WATERVILLE – Clear, clean water is what people value most about a lake, according to a local aquatic biologist.

But it’s the people who live lakeside — the ones who most often get to enjoy the sight of the shimmering water — who are responsible for the continuing decline of the water quality.

They are also the ones who can turn that trend around.

That was a message underscored by speakers at the 40th annual Maine Lakes Conference at Colby College on Saturday.

Maggie Shannon, executive director of the Maine Congress of Lake Associations, asked an audience at the conference what they thought Maine’s lakes might look like in 100 years from now if no great efforts are taken to sustain them.

“It’s an enormous question,” Shannon said. “A good 50 percent of the answer lies in the stakeholders, and that’s you.”

Scott Williams, an aquatic biologist and the executive director of Maine Volunteer Lake Monitoring Program, explained last week that the clarity of water in lakes worsens when phosphorus levels rise, because phosphorus stimulates algae production.

There are high levels of phosphorus in runoff that comes from lawns and roads. So, as the land around lakes is developed, more phosphorus gets into the water, and it becomes less clear, said Williams, who didn’t attend the conference.

Williams said there are measures that people who live by lakes can take to lessen their impact on the water quality, such as stabilizing soil erosion on lakeside property and not using fertilizers that contain phosphorus.

He said natural vegetation catches a lot of pollutants in runoff before they can get to a lake, so the smaller the size of manicured lawns, the better.

But making those changes takes energy — something the yearly conference at Colby is meant to generate.

The daylong conference drew about 130 people, from members of local lake associations to officials from the state’s Department of Inland Fisheries and Wildlife.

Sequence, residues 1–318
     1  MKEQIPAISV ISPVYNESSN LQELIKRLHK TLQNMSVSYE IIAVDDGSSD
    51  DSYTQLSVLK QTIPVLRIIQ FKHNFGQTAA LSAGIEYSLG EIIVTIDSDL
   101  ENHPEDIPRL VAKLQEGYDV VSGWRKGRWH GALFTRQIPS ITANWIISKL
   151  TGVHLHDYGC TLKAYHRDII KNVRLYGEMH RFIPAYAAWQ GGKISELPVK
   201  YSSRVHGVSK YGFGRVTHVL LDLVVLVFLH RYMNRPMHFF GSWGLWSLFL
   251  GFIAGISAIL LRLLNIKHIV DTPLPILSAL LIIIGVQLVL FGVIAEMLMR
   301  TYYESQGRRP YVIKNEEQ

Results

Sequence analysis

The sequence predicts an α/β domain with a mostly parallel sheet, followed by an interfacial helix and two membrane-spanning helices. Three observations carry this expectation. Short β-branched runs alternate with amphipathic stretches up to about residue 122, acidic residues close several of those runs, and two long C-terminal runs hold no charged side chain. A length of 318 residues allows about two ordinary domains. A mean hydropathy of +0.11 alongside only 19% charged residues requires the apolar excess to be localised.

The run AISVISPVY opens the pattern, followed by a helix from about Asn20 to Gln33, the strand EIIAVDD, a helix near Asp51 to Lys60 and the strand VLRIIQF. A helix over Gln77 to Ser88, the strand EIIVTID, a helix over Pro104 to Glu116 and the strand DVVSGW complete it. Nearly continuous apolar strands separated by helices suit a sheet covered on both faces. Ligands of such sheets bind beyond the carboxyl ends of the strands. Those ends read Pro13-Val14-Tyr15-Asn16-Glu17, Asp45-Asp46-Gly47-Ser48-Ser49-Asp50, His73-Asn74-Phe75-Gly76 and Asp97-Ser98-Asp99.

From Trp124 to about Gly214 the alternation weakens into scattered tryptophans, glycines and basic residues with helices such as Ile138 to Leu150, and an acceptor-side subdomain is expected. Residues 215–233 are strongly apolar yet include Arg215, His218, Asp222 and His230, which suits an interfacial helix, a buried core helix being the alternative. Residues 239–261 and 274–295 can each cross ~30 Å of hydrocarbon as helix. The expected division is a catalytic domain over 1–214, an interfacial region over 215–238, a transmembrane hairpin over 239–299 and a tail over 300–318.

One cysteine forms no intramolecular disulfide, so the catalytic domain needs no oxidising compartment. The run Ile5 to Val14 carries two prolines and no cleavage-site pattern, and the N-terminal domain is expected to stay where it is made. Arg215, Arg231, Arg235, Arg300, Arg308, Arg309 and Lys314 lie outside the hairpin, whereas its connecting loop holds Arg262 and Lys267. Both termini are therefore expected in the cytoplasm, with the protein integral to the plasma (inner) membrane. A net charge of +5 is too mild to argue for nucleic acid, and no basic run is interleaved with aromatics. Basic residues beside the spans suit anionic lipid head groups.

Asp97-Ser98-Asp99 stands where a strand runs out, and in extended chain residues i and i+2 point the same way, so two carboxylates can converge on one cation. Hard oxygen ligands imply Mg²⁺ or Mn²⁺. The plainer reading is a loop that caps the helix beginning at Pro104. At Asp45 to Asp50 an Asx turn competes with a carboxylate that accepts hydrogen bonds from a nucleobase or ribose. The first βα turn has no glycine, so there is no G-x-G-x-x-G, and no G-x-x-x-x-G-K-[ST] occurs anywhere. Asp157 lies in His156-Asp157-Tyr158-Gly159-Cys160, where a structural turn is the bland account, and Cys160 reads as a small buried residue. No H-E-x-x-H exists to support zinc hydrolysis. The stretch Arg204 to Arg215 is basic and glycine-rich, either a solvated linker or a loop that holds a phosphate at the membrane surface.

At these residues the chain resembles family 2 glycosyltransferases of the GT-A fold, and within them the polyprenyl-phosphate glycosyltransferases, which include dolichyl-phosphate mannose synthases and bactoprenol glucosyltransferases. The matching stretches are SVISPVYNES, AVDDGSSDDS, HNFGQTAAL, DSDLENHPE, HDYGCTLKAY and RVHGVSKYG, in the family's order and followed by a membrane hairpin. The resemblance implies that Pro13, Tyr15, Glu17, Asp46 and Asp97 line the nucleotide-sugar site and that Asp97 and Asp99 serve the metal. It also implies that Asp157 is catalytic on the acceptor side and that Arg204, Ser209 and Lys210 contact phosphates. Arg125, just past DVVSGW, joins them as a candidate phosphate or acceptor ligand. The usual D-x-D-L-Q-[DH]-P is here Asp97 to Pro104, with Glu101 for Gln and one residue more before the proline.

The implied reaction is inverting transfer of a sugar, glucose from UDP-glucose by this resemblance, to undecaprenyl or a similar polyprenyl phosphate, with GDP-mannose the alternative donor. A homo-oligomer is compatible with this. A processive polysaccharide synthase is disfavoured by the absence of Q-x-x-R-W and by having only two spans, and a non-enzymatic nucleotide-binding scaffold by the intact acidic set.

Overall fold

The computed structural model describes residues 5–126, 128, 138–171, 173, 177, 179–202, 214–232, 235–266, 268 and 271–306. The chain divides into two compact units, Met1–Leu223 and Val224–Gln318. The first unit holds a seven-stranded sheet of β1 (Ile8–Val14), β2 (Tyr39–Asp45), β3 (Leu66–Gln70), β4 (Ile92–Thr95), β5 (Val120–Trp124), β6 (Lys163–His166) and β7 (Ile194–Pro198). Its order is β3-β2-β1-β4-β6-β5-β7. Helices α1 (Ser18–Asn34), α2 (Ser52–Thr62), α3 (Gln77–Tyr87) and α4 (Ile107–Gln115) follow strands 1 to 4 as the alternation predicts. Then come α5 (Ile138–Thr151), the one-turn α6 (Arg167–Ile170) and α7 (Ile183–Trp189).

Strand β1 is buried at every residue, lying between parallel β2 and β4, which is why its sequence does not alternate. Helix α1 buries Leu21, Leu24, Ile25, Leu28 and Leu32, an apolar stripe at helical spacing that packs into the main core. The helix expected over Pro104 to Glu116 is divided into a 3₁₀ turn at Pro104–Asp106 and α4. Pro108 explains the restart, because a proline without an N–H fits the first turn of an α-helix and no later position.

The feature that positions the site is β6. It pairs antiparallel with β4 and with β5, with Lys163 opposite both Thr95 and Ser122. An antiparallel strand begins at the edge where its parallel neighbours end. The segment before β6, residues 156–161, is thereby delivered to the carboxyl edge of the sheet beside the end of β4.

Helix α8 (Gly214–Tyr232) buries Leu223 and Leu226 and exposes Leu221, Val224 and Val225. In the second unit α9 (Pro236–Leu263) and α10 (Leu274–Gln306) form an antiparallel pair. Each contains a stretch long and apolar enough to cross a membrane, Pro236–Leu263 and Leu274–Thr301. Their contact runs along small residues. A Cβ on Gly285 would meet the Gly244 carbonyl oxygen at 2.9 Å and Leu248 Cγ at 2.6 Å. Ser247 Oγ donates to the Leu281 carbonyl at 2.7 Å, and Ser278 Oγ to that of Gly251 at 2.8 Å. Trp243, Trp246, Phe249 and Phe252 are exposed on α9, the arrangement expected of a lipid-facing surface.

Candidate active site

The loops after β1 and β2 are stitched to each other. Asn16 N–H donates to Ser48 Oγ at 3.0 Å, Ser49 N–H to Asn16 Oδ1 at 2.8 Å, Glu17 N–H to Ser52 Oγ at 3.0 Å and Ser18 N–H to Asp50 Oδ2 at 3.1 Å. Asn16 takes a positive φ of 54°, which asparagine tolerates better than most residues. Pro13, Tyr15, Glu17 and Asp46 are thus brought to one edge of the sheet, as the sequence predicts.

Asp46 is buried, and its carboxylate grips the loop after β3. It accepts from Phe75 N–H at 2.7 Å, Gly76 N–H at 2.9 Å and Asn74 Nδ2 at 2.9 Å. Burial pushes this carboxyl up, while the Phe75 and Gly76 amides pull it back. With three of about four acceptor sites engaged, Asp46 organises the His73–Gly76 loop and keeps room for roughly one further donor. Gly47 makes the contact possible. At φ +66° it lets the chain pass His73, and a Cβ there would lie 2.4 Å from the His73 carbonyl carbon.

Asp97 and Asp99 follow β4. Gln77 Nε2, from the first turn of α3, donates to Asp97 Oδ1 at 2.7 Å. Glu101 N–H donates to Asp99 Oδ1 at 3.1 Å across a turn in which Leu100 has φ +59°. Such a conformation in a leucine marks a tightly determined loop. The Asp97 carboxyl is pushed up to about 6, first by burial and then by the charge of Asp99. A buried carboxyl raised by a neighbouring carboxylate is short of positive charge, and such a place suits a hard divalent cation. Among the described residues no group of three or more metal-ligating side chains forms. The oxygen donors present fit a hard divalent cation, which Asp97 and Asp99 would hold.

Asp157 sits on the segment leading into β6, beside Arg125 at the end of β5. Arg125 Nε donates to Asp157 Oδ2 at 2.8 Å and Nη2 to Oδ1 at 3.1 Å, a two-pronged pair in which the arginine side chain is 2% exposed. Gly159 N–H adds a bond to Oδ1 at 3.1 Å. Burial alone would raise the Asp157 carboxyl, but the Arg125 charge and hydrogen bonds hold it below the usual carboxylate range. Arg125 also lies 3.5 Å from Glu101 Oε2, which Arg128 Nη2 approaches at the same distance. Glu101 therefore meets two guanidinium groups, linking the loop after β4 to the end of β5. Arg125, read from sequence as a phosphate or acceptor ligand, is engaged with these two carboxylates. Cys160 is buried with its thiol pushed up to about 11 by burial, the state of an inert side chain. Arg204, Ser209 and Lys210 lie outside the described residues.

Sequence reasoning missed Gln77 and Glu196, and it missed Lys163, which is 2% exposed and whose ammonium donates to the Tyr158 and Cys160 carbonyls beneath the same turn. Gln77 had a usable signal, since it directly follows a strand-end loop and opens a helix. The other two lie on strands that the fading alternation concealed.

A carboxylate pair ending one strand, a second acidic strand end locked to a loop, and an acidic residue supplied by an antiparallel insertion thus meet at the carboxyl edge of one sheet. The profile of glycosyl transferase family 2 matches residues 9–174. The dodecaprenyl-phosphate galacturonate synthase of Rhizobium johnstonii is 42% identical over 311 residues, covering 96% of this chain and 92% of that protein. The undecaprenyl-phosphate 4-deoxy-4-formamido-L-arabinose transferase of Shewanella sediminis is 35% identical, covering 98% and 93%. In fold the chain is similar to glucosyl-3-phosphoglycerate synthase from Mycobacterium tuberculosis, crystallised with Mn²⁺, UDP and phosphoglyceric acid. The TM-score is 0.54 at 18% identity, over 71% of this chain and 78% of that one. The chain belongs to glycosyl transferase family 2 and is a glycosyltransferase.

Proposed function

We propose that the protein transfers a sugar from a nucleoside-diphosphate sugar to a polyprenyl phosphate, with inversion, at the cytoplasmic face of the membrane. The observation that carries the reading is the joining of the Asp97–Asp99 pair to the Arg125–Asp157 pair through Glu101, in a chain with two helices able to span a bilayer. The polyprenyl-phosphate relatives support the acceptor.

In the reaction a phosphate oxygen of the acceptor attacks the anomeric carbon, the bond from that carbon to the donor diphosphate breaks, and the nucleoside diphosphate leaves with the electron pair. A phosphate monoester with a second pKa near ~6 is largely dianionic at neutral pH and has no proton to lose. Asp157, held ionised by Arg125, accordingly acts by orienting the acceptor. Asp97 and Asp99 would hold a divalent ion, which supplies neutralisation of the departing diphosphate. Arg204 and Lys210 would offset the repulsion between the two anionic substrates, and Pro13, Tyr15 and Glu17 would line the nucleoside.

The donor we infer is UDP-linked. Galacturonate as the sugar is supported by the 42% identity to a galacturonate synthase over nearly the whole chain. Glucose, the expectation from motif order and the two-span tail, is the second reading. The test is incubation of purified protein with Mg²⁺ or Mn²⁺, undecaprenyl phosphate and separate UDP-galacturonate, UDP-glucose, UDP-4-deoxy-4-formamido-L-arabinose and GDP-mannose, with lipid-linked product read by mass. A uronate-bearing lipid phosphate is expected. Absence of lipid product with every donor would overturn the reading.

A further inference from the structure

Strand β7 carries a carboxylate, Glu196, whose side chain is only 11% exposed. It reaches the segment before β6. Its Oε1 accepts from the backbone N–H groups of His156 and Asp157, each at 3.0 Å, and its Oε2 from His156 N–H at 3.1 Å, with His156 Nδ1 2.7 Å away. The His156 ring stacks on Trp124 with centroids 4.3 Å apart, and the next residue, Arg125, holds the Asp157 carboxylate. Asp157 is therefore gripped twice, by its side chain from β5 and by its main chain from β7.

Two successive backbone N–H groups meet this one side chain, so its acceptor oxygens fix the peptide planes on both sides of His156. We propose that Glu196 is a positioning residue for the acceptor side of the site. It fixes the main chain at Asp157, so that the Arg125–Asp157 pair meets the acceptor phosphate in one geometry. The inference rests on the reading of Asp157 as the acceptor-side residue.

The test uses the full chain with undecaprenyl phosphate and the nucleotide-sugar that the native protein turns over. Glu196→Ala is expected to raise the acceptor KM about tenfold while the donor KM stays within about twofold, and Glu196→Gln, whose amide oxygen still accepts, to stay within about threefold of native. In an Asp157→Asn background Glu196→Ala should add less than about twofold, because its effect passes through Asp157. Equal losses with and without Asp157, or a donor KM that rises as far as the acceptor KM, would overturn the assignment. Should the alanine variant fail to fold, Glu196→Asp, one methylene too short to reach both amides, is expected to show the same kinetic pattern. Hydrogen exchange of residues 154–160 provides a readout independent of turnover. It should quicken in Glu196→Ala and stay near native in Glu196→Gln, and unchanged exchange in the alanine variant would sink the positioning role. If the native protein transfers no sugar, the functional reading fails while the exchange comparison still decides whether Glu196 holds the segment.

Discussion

The keynote speakers were Whitney King, a chemistry professor at Colby, and David Hart, director of the George J. Mitchell Center for Environmental and Watershed Research at the University of Maine.

King showed measurements of water clarity taken from East Pond, one of the Belgrade Lakes, during the last 35 years.

Water clarity is measured by Secchi depth, which is taken by lowering a disk into the water until it isn’t visible. Lakes with cloudier water have lower Secchi depths.

According to King, the Secchi depth of East Pond oscillated from 4 to 6 meters in the 1970s. Last year, it ranged from 1 to 7 meters.

“There’s definitely been a change in the ecosystem of the lake,” he said.

He also said there’s no simple way to reverse the effects.

“I don’t think there is enough money to fix the lake,” said King.

The question is, he said, “How do you change people’s perception, so they change their practices?”

Hart talked about the importance of communicating the data collected from research about lakes to the people who have a vested interest in sustaining them. That, he said, is how to effect change.

But taking knowledge and turning it into action isn’t easy, he said.

“I can tell you how complex ecosystems are. They are simple compared to this challenge,” Hart told his audience.

“Go out and be the next generation of problem-solvers,” he said.